I’m the world’s worst procrastinator.
Don’t fool yourself: You might be a bad procrastinator, but my procrastination would run circles around your procrastination.
Take for example the time 20 years ago when I was in a college nutrition class with my future sister-in-law.
We were assigned to keep up with everything we ate for one week and make a chart of our caloric intake on poster board.
My future sister-in-law diligently recorded every calorie she consumed and created a nice poster showing her results.
I, on the other hand, ran to an office supply store two hours before class on the assignment’s due date, purchased a piece of poster board and made up the entire assignment.
She earned a B, while I earned an A.
I remind her about it just about every time I see her — even to this day.
From that point on, I learned to own my procrastination. I do my best work, whatever work it might be, at the very last second.
That’s why it always confounded me that I had trouble seeing any deer during the October bow season. I mean, I would always scout for a good spot about the last week of September, hang a stand, and sit back and wait for the backstrap to come walking in.
I might be a great procrastinator, but I’m a horrible deer hunter.
Waiting to the last second to get ready for bow season is no way to score a deer on opening morning. So, in the case of deer hunting, I learned that my procrastination was actually working against me.
But here it is September, and I’ve procrastinated yet again. That’s why I called two of the best deer hunters I know to find out what advice they had for me and all the other procrastinators out there.
Here are their thoughts:
For years, Michael Williams was public enemy No. 1 when it came to Washington Parish deer. And every October would find him and his best friend hunting two nearby trails out of two nearby trees.
However, his friend’s passing took a chunk out of him that he hasn’t been able to replace — not even by bowhunting on his own.
Although Williams doesn’t bowhunt nearly as much as he once did, being in the woods every day during the October season in his younger years taught him a lot about how to see more deer.
“Most bowhunters are already going to have their setups out and know exactly what they’re going to do and where they’re going to do it long before September,” Williams said. “No doubt, if you’ve waited this long to get started, you’re already way behind in the ballgame.”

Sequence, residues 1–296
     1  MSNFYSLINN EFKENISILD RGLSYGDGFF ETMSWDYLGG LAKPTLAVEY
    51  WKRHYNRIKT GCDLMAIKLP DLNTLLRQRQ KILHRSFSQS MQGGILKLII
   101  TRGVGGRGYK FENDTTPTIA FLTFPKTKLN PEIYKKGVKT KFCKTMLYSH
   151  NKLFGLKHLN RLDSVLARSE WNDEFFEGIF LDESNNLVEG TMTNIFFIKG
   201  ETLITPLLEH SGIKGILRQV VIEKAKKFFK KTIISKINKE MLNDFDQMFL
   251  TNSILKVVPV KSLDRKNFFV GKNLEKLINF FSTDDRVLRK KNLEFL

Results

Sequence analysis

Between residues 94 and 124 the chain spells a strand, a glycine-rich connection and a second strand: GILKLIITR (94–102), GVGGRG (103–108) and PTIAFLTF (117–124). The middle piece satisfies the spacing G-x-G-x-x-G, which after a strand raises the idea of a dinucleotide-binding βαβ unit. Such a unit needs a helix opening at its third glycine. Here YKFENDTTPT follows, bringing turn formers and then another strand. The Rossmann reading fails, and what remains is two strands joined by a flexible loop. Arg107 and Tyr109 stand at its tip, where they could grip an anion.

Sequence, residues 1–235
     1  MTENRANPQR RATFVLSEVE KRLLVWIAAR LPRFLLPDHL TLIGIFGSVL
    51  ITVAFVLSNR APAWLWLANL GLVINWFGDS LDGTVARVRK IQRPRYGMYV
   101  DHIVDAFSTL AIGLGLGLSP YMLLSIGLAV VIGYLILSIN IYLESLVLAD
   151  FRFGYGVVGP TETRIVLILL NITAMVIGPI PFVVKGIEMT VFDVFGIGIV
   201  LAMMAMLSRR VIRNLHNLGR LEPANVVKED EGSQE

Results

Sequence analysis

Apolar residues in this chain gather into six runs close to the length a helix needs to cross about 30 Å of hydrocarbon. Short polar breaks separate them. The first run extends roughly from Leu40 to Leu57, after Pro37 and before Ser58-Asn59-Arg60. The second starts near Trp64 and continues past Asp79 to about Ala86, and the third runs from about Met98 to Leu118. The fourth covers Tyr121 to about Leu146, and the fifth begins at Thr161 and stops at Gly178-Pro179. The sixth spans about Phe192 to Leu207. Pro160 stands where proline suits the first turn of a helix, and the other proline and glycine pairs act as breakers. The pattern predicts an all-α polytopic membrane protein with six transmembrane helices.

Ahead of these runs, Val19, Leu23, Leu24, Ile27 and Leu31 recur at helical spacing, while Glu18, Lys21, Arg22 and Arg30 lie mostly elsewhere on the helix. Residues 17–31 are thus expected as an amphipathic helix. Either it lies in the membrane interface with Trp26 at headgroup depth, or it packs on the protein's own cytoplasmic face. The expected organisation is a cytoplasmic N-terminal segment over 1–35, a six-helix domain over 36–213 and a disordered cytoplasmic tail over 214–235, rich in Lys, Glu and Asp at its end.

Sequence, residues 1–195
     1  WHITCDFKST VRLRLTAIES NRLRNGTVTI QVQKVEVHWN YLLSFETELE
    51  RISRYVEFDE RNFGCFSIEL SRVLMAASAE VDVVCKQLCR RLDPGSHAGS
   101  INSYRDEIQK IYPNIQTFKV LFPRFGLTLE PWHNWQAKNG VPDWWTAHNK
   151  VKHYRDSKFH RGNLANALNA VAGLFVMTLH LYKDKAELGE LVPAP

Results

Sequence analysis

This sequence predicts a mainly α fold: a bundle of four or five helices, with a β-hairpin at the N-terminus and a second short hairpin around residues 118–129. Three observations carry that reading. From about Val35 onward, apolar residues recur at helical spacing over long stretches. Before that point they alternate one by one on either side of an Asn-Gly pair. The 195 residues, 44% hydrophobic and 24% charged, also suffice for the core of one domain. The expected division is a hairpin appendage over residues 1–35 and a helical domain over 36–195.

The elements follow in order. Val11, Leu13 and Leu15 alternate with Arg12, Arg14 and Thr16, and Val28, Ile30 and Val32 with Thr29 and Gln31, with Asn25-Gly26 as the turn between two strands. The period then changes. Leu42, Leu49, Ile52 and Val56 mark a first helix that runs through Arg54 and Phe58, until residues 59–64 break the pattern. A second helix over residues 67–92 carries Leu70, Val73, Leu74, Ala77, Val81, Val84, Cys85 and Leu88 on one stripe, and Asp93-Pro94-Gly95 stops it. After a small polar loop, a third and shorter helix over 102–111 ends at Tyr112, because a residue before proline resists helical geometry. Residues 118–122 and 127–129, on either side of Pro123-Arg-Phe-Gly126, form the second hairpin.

Being behind in the game, though, doesn’t mean you’re out of it completely.
Williams told me the best thing I could do during September to find a good place to hunt in October would be to locate a water source.
“Deer love water,” he said. “They’re going to drink it every day, but that isn’t the only reason I’d look for water: They just plain like it.
“Like kids on a beach, they’ll run around in it, play in it — just have a good time in it. How many mud holes have you seen that had deer tracks all around it?”
Williams said he’s seen it too often to know that deer only come to water to drink. But as much as they might like to play in a mud hole, the best kind of water to locate is the moving kind, like a creek.
“If you’ll go out in September and look for a creek with good shade in a hardwood bottom, that’s where you’ll find a majority of your bucks,” Williams said. “They’ll still be in bachelor groups, and wherever you find a big pile of tracks leading to and from that moving water, that’s where you want to set up.”
In fact, Williams said he’s seen plenty deer lay up in spots like this because of the combination of water and cooler temperatures.
But the key to setting up on a water hole is to not hunt right on top of it. Like a hunter who sets up on a trail leading to a food plot, Williams said he’s seen more deer hunting water holes by setting up on the trail the animals take from the water.